And then I would come out of it and realize how I had depleted my bank account and rent would be due the next week, or how I had no food in the house because the only responsible things I had spent money on during my high was cat food and litter for my aging Siamese. Scrambling to fix the damage I had done to my life and then just when I get it all straight (or almost there) along comes another low and the process starts all over again. I was on such high doses of so many medications specifically for my mental state and they only worked sometimes.
Life like this is exhausting.
I moved back home to my little town in California. Away from the drugs, the parties, the poor life choices. Away from negative energy vampires. I got a new psychiatrist and a new therapist. I slowly got my life under control. My lows were more like I was just having a few weeks where I was a bit down on myself but I was aware. I could tell myself it would be better soon. I was aware of the high and could limit myself to buying one $20 thing I didn’t really need. The time in between the two was growing longer and longer. I could usually sleep at night. I was regaining my sense of self.
Eventually, I went back to Texas. Back to my friends. Things were good for a while. I was dating, I got a job I really enjoyed and eventually, I graduated from college. I had accepted I would probably be on medication for the rest of my life, but if it meant I could function like a “normal” human being then that was totally OK with me. Sure, I still made some dumb choices that put me in a bad mental place, but who doesn’t do that in their 20s?
My family still didn’t really understand. I often heard that since I was doing OK I could come off the medication soon. Or hopefully, I could stop taking everything in the next few years, like bipolar disorder is a sickness I caught from someone and I’ll be cured after I take a course of medication.
One time I did come off the medication. I did exactly what I’ve told others not to do. I stopped taking them without telling a doctor because I felt fine. Admittedly I was scared to do this, and it was a decision I made after moving to Oregon to help my mom (and myself). I ran out of medication and every psychiatrist I tried had a wait list months long.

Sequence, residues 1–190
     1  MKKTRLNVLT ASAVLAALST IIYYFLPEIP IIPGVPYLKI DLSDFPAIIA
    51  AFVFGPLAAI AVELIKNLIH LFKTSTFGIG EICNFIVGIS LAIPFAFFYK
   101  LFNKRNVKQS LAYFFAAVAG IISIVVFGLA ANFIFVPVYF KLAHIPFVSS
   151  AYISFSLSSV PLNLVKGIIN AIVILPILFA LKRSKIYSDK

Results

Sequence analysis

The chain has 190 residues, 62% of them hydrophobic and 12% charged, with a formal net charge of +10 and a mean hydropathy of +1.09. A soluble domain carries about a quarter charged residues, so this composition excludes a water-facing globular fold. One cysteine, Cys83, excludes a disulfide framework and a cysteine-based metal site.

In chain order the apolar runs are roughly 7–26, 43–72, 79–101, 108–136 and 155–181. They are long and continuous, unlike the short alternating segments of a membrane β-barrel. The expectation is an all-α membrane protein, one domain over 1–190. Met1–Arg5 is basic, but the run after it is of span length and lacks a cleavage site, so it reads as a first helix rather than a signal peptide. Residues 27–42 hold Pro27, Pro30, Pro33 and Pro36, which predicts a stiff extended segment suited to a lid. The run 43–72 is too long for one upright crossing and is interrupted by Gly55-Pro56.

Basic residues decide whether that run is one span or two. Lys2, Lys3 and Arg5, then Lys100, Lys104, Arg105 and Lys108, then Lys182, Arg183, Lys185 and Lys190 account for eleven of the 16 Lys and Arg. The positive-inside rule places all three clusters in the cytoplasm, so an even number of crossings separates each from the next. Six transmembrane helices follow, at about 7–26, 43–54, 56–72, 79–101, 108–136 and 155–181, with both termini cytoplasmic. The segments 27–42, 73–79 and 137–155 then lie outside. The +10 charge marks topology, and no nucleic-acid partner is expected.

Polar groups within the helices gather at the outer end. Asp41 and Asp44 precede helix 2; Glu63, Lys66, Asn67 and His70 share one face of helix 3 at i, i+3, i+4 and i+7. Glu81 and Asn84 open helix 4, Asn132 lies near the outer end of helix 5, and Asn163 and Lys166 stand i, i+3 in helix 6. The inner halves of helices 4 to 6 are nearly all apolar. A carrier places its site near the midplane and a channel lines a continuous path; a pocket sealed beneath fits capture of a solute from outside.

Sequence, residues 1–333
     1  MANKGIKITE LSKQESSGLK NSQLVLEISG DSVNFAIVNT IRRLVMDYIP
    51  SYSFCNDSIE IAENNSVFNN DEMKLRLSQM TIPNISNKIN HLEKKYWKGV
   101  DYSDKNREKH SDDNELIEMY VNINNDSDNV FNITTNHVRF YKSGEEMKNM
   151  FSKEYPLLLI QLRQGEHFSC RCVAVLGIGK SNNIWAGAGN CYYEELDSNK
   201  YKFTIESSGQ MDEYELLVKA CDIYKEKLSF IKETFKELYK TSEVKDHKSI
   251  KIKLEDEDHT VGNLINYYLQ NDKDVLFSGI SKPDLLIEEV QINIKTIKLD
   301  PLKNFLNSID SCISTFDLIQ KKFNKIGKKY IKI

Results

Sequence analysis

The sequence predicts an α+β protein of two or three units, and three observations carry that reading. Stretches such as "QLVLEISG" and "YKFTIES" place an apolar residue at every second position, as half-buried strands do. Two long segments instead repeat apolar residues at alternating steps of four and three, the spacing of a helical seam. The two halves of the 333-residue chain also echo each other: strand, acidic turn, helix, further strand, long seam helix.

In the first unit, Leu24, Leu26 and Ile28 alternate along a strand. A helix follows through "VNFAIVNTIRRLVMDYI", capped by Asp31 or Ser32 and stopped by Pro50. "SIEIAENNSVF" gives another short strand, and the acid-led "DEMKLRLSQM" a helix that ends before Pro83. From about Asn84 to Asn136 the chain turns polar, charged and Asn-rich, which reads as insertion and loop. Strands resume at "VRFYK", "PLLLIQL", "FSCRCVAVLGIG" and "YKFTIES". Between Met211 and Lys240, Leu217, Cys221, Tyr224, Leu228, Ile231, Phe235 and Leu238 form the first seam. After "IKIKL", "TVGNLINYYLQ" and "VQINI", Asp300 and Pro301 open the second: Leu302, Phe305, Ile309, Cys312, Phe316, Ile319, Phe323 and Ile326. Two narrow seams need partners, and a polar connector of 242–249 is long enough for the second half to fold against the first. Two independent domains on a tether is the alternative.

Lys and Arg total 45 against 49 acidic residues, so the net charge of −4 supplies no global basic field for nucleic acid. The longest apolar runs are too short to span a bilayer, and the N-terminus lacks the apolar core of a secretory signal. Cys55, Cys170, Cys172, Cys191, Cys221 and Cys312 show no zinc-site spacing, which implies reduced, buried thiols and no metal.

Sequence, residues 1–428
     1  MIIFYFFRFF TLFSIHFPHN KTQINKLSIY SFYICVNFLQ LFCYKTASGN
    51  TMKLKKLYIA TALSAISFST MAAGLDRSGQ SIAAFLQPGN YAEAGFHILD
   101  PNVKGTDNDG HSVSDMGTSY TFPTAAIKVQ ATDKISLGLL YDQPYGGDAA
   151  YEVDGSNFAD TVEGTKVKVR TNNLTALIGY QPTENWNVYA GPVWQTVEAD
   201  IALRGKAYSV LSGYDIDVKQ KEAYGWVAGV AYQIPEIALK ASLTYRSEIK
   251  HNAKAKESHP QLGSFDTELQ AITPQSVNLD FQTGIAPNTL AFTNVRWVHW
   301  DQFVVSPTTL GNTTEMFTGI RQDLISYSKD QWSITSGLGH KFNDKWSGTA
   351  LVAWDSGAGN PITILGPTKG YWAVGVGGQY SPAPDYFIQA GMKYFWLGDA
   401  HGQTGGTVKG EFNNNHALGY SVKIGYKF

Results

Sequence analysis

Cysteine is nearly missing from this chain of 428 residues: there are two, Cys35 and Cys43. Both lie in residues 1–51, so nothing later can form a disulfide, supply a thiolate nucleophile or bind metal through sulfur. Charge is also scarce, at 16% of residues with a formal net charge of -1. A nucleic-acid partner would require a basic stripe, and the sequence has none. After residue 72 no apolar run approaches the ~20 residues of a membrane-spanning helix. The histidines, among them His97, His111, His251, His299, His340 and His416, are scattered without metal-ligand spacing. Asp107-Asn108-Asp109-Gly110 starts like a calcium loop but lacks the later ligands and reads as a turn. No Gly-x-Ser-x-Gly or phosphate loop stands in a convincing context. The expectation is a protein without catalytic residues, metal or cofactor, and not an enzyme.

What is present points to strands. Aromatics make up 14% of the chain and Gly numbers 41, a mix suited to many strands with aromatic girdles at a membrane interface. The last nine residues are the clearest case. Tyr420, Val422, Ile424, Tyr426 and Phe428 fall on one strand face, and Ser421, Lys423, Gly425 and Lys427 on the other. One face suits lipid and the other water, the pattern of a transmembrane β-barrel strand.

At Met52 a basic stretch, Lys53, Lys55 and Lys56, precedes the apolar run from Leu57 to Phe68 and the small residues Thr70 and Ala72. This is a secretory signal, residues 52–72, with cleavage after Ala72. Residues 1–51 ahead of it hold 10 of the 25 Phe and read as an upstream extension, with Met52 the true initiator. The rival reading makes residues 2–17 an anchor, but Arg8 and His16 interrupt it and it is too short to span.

And nothing changed. I was cautiously optimistic, but I was actually doing fine. Little tiny bumps in the road I was able to recognize for what they were, but I was OK!
This continued after another move back to Texas. But somewhere around the 3-year mark, my lows started getting lower and my highs getting higher. I thought perhaps the city and all it offered were toxic and contributing to my unstable mental state, so I quit my job, got a new one in another smaller Texas city and moved away. I lost someone I considered one of my best friends with this move — someone I always thought would understand because he’s bipolar as well, but I think that actually kept him from seeing I was doing what’s best for me and perhaps more felt like I was abandoning him by moving.
The move kind of helped, but eventually I gave in, admitting I already knew this wouldn’t last and I needed to act in my own best interest. A new psychiatrist and therapist were obtained, medication was started again, and we’re back to figuring out the right balance of things to keep me level.
Bipolar disorder is a tricky thing to live with and hard for people to understand. It’s a lifelong battle that takes a significant amount of effort to overcome. We’re not bad guys — we’re just trying to make it until we can ride that unicycle balancing those glasses like it is the easiest thing in the world.
Editor’s note: Please see a doctor before starting or stopping a medication.
Unsplash photo via Vladislav Muslakov